Hats off to the organizers of 1 in 133, the Gluten-Free Food Labeling Summit.
In a matter of weeks, John Forberger, the tweeting, gluten-free triathlete (@GlutenFreeTri) and Jules Shepard (aka Jules Gluten Free) managed to gather hundreds of supporters together in Washington for the impressive May 4 summit.
The purpose? To send the message to the Food and Drug Administration that those living with celiac disease were sick and tired of waiting for a clear and reliable labels on gluten-free foods.
The fact is, people are getting sick and tired – and bloated, and brain-fogged, and extreme gastrointestinal symptoms and worse – from eating foods that claim to be “gluten-free” but really aren’t.
Sure some food makers have gone to great lengths to test and be responsible. (We love you guys.) But others? They’ve just jumped on the bandwagon, trying to cash in on gluten-free popularity without testing foods to meet standards. That’s because, of course, there are still no standards in the U.S.
It was not meant to be this way. Under the Food Allergen Labeling and Consumer Protection Act (FALCPA), the FDA was supposed get moving on defining a standard for what constitutes gluten-free. But four years after that process started? Still nothing, nada.
The message of those at the May 4 summit: Change has simply got to come. Afterall, this issue affects the daily lives of millions with celiac disease or gluten sensitivity.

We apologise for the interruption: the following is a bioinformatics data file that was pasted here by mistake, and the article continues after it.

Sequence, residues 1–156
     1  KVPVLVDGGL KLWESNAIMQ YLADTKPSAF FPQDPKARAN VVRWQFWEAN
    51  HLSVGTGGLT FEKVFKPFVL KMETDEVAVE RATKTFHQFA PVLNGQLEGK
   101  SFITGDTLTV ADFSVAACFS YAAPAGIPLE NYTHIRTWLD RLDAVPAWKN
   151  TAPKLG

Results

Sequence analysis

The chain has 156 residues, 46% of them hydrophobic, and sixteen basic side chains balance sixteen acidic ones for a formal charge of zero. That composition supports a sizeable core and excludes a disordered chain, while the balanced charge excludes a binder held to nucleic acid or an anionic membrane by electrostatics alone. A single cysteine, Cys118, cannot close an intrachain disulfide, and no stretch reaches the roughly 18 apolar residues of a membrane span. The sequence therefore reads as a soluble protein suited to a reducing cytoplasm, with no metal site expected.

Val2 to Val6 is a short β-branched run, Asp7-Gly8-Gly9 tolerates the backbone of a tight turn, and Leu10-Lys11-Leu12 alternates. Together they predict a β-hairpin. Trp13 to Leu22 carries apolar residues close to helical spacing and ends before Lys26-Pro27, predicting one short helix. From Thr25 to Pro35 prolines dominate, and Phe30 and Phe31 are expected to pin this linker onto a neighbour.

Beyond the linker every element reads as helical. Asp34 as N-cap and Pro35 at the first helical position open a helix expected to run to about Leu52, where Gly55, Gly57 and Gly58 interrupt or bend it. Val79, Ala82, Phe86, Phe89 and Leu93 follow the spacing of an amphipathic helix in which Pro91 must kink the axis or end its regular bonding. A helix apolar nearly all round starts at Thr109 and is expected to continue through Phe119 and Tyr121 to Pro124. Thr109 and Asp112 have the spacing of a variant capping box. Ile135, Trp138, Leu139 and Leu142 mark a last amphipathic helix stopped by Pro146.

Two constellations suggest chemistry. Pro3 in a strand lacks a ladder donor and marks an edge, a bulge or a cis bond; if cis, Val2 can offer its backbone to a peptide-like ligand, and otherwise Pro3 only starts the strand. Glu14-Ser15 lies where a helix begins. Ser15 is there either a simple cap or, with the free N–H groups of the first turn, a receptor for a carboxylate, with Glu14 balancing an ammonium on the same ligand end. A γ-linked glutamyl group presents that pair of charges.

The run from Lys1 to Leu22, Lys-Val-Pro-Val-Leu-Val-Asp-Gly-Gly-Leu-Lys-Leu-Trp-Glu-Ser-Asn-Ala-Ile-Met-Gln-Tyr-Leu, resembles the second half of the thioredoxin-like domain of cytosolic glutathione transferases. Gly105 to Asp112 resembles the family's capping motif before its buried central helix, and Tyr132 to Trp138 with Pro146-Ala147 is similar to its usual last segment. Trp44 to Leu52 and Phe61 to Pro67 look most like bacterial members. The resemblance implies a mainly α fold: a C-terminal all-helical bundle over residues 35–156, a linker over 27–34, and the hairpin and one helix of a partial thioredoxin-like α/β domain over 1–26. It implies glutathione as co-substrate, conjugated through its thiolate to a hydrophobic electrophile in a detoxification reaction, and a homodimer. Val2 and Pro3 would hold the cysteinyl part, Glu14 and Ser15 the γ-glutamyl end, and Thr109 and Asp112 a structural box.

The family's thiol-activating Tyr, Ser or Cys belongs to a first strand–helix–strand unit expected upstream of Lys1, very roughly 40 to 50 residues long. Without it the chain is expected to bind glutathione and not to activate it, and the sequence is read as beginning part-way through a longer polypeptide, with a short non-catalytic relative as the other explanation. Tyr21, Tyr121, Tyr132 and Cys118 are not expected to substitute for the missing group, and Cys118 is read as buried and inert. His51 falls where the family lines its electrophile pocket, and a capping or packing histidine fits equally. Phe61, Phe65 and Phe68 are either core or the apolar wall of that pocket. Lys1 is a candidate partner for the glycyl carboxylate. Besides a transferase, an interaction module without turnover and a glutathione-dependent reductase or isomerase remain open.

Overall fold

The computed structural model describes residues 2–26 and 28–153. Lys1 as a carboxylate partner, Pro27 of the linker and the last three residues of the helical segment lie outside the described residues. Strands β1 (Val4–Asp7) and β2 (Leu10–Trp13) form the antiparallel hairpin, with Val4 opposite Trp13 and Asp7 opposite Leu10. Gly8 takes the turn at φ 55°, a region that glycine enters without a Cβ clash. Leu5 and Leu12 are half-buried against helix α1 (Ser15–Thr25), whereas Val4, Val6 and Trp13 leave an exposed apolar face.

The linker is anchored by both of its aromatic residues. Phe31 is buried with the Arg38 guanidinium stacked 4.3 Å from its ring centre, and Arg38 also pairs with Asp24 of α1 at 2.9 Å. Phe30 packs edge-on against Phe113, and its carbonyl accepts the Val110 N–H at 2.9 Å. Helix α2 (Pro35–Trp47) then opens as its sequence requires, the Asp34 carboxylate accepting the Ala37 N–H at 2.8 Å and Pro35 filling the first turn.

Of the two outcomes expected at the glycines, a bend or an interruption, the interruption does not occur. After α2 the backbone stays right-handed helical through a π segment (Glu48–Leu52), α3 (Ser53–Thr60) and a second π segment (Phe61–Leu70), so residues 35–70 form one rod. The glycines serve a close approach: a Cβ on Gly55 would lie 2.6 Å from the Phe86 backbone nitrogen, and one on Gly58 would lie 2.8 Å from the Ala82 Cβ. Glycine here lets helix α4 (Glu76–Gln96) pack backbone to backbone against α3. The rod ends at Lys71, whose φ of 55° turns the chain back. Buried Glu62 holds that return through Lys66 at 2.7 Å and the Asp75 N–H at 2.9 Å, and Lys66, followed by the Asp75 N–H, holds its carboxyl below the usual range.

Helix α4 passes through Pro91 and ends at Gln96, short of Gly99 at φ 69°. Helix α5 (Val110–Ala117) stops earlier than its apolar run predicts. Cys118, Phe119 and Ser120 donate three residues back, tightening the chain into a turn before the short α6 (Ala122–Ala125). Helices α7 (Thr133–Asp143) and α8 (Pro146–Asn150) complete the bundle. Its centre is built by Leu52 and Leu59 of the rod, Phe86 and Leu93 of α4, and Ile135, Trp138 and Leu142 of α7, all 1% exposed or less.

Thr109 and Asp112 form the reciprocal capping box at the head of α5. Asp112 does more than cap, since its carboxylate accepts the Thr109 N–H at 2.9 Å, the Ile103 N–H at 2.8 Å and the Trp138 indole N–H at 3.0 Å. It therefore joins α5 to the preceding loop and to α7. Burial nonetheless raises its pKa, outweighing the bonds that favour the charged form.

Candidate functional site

But here’s the cool part about the two advocates and their summit. They got across their message in Washington – not with placards or shouting but – with cake.
A GF cake, to be specific. And not just a measly little round or rectangle. Jules Shepard is an accomplished baker and gluten-free entrepreneur (she even markets her own line of GF flour), so our creative lobbyists decided to build that behemoth you saw in our NewsReport.
All day on May 4, Jules, John and their helpers built and frosted, and Jules dangled off a ladder to frost and pipe some more. The result was a cake that weighed in at a ton and stood over 11 feet.
But the best part? Their imaginative public relations work, their petition with thousands of signatures and their social media efforts were noticed by those with the power to effect change. Michael Taylor, the FDA deputy commissioner of foods, made a surprise appearance at the summit and spoke encouraging words.
As Taylor told NBC in an interview earlier that day: “I want people to understand that the FDA gets it.” “We’re on this. We’ll get this moving.”
He said that in a matter of weeks, the proposed standard would be out for public comment.
Let’s hope so. We’ll all be watching and eagerly anticipating. And if the FDA does not get its act together on GF labeling? Well it had better watch out for the next moves from Forberger and Shepard. Afterall, you don’t want to mess with a triathlete and a baker with the stamina to frost, on a ladder, for hours and hours. They just aren’t going to give up.